# Python: Ray-trace a WGS84 point with heading and distance

One of my services defines geofences for a mobile app. The geofences consists of a lat/lon pair and radius in meters, in `JSON`, e.g.:

``````{
"geofenceId":"geofence_b39da38cff7be4b4693cbc31b2394bbb",
"latitude":32.083611,
"longitude":34.806111,
}
``````

I would like to display these geofences in KML. Alas, KML files don't feature circles, so I have to approximate using a polygon with `n` vertices. Each vertex location is the head of a vector originating at the centre of the circle, whose length is the circle radius and has a given heading: What's the Pythonic way to calculate `P2` from `P1`, `θ` and `radius`?

Update: I've found some obvious solutions (like this), which assume that the earth is a perfect sphere. I calculated a circle with a radius of 15 Kilometers and 72 points. For each point, I've calculated the exact vincenty distance from the center. The minimum and maximum are:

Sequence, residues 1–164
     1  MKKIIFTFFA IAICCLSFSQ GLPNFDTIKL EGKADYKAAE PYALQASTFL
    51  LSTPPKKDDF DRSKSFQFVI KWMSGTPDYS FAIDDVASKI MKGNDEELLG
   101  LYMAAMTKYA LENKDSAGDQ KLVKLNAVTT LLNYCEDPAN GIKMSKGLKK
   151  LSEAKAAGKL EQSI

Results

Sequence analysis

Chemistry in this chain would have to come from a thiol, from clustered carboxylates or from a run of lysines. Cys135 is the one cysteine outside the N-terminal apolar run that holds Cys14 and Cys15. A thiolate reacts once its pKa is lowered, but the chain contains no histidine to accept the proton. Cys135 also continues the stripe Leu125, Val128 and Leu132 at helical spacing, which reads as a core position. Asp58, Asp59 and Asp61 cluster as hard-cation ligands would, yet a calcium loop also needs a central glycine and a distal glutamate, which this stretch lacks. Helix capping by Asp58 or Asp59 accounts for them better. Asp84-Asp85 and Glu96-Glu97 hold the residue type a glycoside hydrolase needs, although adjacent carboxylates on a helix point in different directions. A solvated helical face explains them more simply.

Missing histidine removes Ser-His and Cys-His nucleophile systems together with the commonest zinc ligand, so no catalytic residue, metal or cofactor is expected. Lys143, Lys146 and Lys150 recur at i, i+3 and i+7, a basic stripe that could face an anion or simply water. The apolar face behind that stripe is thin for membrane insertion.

``````14941.7356806
15014.5884245
``````

The error is significant - a few dozen meters. I would like to find a solution that uses a better approximation.

Second Update:

I am trying to calculate ray tracing, which is `(P1_lat, P1_lon, radius, heading) -> (P2_lat, P2_lon)`. This is different from the distance between two given points, which can be easily done with geopy's vincenty formula.

• Check out first answer here. And, you mean "I am trying to calculate ray tracing," right? Mar 31, 2014 at 17:16

The C++ library geographiclib has been implemented in Python. Ray tracing, or more accurately - the Geodesic Direct problem, is as easy as:

``````geodesic.Geodesic.WGS84.Direct(lat1, lon1, azimuth_degrees, distance_meters)
``````

Let's test the accuracy:

``````from geographiclib import geodesic
from geopy.distance import vincenty

lat1, lon1 = 32.074322, 34.792081         # Azrieli Centre, Tel Aviv

distances=[]
for degree in range(360):
result=geodesic.Geodesic.WGS84.Direct(lat1, lon1, degree, 15000)
lat2, lon2 = result["lat2"], result["lon2"]
distances.append(vincenty( (lat1, lon1), (lat2, lon2)).meters)

print min(distances), max(distances)
``````

Gives:

``````14999.9999876 14999.9999999
``````

The accuracy is between 5 and 7 digits, which is great for my needs.